Category Archives: WEST AFRICA
“No Ghana”: The road out of NkoranzaAugust 2, 2012 by marine_olivesi in with 0 COMMENTS
Nested in Ghana’s deep countryside, the sleepy town of Nkoranza has seen over the past 3 decades tens of thousands of its residents depart for greener pastures (though literally speaking, it’s hard to imagine such thing exists!)
Since the 80′s, emigration has thrived on the town’s under-developement and high unemployment rate. Donyina Koranteng, the head of a local organization for Libyan returnees, says Nkoranza seemed so cut off from the rest of the country when he was a kid that locals gave it the nickname “No Ghana.”
That was before the road (above) connecting Nkoranza to Ghana’s North-South highway was built… But little has changed since.
Nearly half of the Ghanaian migrant workers who fled Libya last year hailed from Nkoranza and villages around. And some are on their way North again, undeterred by the risks they face on the road, and in post-Revolution Libya.
IshumarJune 11, 2012 by marine_olivesi in with 0 COMMENTS
After a two-month long journey that took me from Bamako to Burkina’s remote Sahel region to Ghana’s deep countryside, I’m about to depart West Africa and head back to Libya.
No “travel digest” post here… I’d rather point out to that old NYT article on the Tuareg band Tinariwen’s latest album, Tassili, which has carried me through many hours on the road over the past couple of months.
The story retraces the coming of age of the band (formed in the late 70’s in Libya’s Tuareg refugee-settlements-turned-guerrilla-boot-camps) and of its latest production.
With “Tassili,” Tinariwen, whose music is a hard-rocking hybrid of Berber, Arab, Western and black African styles, has sought to return to its beginnings. Named for a spectacular area of canyons and sandstone arches near Algeria’s border with Libya, the CD was rehearsed and recorded out of doors there, in tents and around campfires much like those where the group’s founding members, political exiles then living in refugee settlements, first came together to play.
“We wanted to go back to our origins, to the experience of ishumar,” which means exile or being adrift, explained Eyadou ag Leche, the band’s bass player.
Ten months after its release, Tassili has become a worldwide hit and won a Grammy Award for best world music album while a momentous sequence of events rocked the region.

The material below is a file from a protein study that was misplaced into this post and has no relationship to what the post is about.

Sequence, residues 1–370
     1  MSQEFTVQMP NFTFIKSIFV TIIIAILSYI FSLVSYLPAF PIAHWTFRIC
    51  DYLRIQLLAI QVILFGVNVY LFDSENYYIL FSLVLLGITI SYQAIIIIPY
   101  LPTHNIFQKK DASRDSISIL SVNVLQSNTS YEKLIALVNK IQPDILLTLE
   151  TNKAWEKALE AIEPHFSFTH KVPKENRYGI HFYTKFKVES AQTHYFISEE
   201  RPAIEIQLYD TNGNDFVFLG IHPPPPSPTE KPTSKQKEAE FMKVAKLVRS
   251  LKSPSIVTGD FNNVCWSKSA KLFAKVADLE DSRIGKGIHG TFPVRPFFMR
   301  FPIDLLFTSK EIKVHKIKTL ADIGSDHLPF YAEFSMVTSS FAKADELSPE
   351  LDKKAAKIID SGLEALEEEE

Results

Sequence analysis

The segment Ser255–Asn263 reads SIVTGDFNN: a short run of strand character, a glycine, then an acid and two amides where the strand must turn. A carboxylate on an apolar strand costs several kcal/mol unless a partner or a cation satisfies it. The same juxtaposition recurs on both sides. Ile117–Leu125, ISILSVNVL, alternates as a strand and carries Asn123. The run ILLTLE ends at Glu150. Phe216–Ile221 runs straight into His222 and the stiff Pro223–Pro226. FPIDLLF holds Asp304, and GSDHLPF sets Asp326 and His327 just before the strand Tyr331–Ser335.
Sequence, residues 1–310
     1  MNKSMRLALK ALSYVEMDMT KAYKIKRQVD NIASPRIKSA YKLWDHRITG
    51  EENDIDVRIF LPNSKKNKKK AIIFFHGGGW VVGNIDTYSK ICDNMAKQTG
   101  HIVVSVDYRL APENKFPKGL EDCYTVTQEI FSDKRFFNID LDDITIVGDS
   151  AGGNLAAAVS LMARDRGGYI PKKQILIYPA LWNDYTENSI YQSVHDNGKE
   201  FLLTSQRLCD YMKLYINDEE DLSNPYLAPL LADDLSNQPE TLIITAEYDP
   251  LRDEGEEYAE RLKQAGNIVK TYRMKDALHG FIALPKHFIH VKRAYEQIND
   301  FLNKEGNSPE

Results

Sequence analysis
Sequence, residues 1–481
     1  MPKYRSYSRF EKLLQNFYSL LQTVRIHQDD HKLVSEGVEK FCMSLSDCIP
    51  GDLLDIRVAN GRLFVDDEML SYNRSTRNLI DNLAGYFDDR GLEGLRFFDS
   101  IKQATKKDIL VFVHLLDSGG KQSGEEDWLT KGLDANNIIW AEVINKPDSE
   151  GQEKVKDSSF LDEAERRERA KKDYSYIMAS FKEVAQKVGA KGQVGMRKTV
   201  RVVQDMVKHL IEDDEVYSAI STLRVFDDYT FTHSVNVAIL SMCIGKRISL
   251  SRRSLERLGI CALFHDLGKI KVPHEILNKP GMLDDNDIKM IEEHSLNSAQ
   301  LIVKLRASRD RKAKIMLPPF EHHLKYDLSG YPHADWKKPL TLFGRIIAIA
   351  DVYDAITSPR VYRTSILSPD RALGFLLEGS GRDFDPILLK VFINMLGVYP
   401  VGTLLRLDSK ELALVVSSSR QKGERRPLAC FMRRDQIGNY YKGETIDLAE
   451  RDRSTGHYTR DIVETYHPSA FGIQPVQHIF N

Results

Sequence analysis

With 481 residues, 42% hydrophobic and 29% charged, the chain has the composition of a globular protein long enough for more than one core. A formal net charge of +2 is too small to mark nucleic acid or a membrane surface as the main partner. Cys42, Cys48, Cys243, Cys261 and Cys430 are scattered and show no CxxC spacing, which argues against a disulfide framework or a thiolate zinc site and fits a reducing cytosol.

I’ve had a chance during this fellowship-sponsored West African trip to explore at great lengths the migration-based connections between Libya’s uprising and Mali’s unrest: A “Tuareg-friendly” dictator toppled and the homecoming of thousands of Tuaregs who fought for and finally imposed what they had long been asking for: an independent state (publicly supported by the way by some Tinariwen members)
Yet, history still is repeating itself for Tuaregs. Independent state or not, hundreds of thousands have been forced into that “ishumar experience” once more.
Worst, the scarce reports coming out of North Mali describes the emptiness and lifelessness of formerly vibrant towns like Timbuktu, now in the hands of extreme Islamist groups.
Painful kicker in the recently published personal story out of Timbuktu of AP journalist and friend Baba Ahmed.
After five days, the convoy I came with left Timbuktu. As we rolled out of town, around 50 young people jumped on the back of the trucks, taking advantage of the free ride south.
Another group leaving the place they grew up in, I thought with a heavy heart. Another group deciding they will be better off somewhere else.
From Burkina to GhanaJune 3, 2012 by marine_olivesi in with 0 COMMENTS
Sahel Reserve, Northern Burkina Faso
Islamist Groups Now Main Threat To North Mali Say Tuareg RefugeesMay 17, 2012 by marine_olivesi in with 0 COMMENTS
Mohamed Ag In’ Tahna (top left) arrived at Damba refugee camp yesterday at 5am. He had to leave 20 relatives at the border as their car broke down on the way. A camel took him to Damba, and he’s now looking for a vehicle to bring his family over. He says they fled their village near Timbuktu on Monday along with 2 other families because of the Sharia law imposed by Islamist groups.